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The Impact of the COVID-19 Pandemic on the Volatility of Cryptocurrencies

Department of Accounting and Finance, University of Western Macedonia, GR 50100 Kozani, Greece
Department of Business Administration, Neapolis University Pafos, Pafos 8042, Cyprus
Department of Business Administration and Tourism, Hellenic Mediterranean University, GR 71410 Heraklion, Greece
Author to whom correspondence should be addressed.
Int. J. Financial Stud. 2023, 11(1), 50;
Received: 26 January 2023 / Revised: 25 February 2023 / Accepted: 17 March 2023 / Published: 20 March 2023


This study aimed to investigate the interactions between Bitcoin to euro, gold, and STOXX50 during the period of COVID-19. First, a bibliometric analysis based on the R package was applied to highlight the research trends in the field during the period of the COVID-19 pandemic. While investigating the effects of the pandemic on Bitcoin, the number of cases of COVID-19 was used as a proxy. Using daily data for the period 1 March 2020 to 3 March 2020 and based on a vector autoregressive model, impulse response, and variance decomposition were utilized to analyze the dynamic relationships among the variables. The results revealed that the COVID-19 cases and gold hurt the exchange rate of Bitcoin to euro, while there was great volatility regarding the response of Bitcoin to a shock of STOXX50. The Granger causality test was constructed to investigate the relationships among the variables. The results show the presence of unidirectional causality running from new cases to STOXX50 and from STOXX50 to gold. This study contributes to the existing scholarly research into the dynamic relationships that appeared among Bitcoin, gold, and STOXX50 in a period of great uncertainty. Finally, the findings have significant implications for investors, who are interested in diversifying their portfolios.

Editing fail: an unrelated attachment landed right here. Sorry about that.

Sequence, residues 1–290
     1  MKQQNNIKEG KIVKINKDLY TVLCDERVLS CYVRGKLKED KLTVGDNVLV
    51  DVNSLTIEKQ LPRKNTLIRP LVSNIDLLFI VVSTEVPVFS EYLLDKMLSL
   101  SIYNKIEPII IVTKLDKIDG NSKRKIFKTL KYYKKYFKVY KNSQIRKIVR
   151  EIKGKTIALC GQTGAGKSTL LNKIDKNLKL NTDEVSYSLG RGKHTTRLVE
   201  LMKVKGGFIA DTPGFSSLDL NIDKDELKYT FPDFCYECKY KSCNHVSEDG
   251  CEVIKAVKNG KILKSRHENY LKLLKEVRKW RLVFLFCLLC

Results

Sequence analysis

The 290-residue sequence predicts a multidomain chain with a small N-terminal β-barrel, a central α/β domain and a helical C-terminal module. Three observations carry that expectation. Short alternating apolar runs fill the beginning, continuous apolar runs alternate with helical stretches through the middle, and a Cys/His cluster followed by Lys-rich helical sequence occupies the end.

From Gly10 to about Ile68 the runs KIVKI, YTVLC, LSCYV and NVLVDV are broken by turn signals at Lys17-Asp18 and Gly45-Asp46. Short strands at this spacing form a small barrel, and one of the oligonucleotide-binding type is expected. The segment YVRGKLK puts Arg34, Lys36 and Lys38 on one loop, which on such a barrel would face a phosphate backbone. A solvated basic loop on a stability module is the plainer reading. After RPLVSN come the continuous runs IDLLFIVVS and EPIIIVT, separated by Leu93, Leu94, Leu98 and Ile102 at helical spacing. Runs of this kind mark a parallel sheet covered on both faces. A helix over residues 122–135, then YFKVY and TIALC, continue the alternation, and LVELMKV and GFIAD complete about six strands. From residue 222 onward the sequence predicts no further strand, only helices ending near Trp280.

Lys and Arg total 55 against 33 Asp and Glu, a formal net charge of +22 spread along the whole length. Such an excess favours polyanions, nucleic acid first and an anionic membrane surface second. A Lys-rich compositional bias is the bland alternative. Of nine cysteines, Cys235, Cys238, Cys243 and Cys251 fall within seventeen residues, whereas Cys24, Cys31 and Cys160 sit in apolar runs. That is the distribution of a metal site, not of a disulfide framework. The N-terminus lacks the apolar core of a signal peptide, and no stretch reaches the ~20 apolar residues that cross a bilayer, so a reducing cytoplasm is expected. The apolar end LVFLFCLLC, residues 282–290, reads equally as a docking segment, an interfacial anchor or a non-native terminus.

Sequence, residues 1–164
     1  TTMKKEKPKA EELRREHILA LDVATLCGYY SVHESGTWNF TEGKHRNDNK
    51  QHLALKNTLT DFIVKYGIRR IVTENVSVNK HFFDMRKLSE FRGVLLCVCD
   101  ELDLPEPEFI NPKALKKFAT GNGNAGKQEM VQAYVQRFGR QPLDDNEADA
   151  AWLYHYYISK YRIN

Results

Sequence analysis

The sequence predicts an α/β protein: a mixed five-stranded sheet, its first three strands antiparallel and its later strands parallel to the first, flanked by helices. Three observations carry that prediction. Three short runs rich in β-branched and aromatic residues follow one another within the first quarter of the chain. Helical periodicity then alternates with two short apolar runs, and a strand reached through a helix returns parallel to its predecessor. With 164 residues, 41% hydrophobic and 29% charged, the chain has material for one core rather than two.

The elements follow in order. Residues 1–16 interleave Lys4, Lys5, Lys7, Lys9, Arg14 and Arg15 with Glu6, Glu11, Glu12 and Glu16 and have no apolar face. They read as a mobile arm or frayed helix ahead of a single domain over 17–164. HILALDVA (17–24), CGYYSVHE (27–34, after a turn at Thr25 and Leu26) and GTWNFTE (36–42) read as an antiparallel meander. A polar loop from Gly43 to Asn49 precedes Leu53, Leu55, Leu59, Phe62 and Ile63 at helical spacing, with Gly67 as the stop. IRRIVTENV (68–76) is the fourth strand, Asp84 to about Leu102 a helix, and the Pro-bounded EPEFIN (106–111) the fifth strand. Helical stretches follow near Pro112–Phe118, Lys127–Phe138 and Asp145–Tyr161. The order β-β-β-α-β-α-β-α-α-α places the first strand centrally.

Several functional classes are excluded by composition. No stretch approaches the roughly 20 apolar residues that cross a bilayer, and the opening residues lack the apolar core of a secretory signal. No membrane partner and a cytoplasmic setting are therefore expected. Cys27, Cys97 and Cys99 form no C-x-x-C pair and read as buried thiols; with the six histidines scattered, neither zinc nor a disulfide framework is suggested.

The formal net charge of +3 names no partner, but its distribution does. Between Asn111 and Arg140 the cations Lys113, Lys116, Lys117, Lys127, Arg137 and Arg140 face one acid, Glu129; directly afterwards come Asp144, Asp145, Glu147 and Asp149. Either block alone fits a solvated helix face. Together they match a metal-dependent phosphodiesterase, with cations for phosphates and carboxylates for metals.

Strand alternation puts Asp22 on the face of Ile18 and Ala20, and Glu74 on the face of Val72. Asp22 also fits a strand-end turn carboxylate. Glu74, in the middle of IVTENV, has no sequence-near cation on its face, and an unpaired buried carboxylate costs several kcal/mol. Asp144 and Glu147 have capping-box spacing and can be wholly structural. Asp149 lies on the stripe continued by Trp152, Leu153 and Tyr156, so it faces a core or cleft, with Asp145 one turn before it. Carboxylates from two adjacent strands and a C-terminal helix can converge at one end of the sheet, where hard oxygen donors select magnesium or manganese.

1. Introduction

The COVID-19 pandemic has posed a significant health and economic challenge to the global community by causing financial uncertainty for both businesses and consumers. Lockdowns and challenges such as those in the supply chain characterized the first half of 2020. The global economy began to return to normality with the launch of vaccine campaigns. However, this still had to deal with several obstacles such as investor anxiety, which causes investors to behave in unanticipated ways (Chen et al. 2020). According to Li et al. (2021), there is an increasing possibility of a market crash due to the fear sentiment because of the COVID-19 pandemic. According to the literature, the daily death rates and the number of new cases are used as proxies for the COVID-19 event (Apergis 2022; Baig et al. 2021; Zhang et al. 2020). When investors are more interested in a news event, the associated information is quickly reflected into asset prices, leading to higher volatility (Smales 2021). Furthermore, there is strong evidence that volatility spillovers rise abruptly during this period (Adekoya and Oliyide 2022; Akhtaruzzaman et al. 2021; Corbet et al. 2020). Under these circumstances, it is essential for investors to know which assets react as a safe heaven or have a hedging behavior to diversify their portfolio (Conlon and McGee 2020; Ji et al. 2020; Shehzad et al. 2021; Syuhada et al. 2022; Yan et al. 2022) and re-establish their confidence (Salisu and Vo 2020). According to the literature, cryptocurrencies are better hedging assets over other financial assets such as stocks and the U.S. dollar (Dyhrberg 2016), while gold acts as a safe haven (Baur and McDermott 2010; Jeribi et al. 2021). During COVID-19, many limitations were taken by governments such as lockdowns and quantitative easing programs implemented by central banks.